The valve dissipation will increase when hit with an input signal. Assuming a full power clean signal, valve dissipation will be at its highest when the signal is at 1/2 the peak swing, then dropping down to its lowest at the peak of the swing. This happens because most of the power is being transferred to the load and the voltage across the valve is at its lowest, while being at its highest across the OT primary, yet current is the same through both the OT and the valve (current is the same at all points of a series circuit).

    What does this mean? This means that "plate dissipation" and "output power" are not one and the same like most tend to think. People ask all the time "How can you get 50 watts out of a 25 watt valve?". That's because plate dissipation power and output power to the load are not the same thing. Furthermore, power does not come from the valves. It comes from the "power supply" (hey...maybe THAT'S why they call it that!). The power supply draws current through both the valve and the OT primary, while the valve is just a metering device that meters this current based on the input signal that is fed into it. Think of the input signal as a "control signal". The greater the amplitude of the input signal, the more the valve opens to allow the power supply to draw more current through the OT primary (wow...is that why they call it a "valve"???).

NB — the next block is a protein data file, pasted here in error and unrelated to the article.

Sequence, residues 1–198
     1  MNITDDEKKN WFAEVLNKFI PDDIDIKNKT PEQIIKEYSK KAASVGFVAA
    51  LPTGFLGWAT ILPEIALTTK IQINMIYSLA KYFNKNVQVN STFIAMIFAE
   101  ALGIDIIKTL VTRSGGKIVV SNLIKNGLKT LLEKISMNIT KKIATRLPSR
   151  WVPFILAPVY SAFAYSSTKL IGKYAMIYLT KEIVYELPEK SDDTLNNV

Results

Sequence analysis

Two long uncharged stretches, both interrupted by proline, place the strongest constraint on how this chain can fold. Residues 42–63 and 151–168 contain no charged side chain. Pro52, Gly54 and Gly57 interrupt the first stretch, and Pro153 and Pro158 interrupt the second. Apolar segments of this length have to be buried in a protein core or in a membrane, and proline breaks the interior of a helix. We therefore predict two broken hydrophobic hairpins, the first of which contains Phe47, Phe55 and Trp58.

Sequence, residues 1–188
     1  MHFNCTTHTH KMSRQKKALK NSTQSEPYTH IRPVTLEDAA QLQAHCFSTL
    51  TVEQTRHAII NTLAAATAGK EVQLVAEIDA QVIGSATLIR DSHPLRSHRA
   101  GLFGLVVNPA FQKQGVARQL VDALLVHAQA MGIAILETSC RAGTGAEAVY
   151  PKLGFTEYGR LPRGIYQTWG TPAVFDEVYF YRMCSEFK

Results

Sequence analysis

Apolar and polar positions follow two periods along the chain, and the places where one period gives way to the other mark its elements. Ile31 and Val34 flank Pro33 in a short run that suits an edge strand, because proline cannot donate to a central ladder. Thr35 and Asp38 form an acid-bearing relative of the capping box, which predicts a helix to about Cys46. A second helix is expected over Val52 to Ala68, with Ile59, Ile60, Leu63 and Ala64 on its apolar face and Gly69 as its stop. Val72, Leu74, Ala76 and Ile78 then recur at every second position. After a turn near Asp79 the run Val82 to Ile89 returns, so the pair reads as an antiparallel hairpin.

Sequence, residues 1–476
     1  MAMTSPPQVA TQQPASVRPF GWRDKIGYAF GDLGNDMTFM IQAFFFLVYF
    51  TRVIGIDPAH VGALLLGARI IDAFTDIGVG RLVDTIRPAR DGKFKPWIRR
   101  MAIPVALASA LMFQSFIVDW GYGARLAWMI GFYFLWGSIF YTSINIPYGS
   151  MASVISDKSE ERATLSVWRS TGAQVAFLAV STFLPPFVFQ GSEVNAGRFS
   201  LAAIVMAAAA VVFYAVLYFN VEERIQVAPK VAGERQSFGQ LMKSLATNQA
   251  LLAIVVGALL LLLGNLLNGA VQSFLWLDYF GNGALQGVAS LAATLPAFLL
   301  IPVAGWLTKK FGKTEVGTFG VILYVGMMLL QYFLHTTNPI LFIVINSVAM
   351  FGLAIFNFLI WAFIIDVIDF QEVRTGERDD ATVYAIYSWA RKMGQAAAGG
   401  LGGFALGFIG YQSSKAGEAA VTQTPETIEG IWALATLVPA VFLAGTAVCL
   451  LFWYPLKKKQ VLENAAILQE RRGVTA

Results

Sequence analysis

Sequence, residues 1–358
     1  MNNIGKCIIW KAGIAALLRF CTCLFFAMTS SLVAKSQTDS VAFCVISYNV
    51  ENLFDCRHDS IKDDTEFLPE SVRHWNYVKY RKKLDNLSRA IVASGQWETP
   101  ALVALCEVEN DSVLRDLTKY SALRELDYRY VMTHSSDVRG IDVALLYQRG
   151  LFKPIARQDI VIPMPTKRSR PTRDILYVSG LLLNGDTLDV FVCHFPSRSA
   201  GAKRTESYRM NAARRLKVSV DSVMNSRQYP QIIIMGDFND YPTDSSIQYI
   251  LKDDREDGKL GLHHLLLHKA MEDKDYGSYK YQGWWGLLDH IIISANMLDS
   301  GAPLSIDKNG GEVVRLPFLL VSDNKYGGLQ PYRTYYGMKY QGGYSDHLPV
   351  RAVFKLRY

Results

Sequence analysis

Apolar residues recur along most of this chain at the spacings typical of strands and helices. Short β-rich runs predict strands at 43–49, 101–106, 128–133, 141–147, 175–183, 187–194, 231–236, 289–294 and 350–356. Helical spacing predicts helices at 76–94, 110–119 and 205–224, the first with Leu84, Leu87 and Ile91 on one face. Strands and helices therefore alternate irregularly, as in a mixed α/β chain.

10. thinlizzy96

    thinlizzy96 New Member

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    wow thanks for all the info!
     
  11. dezzy

    dezzy New Member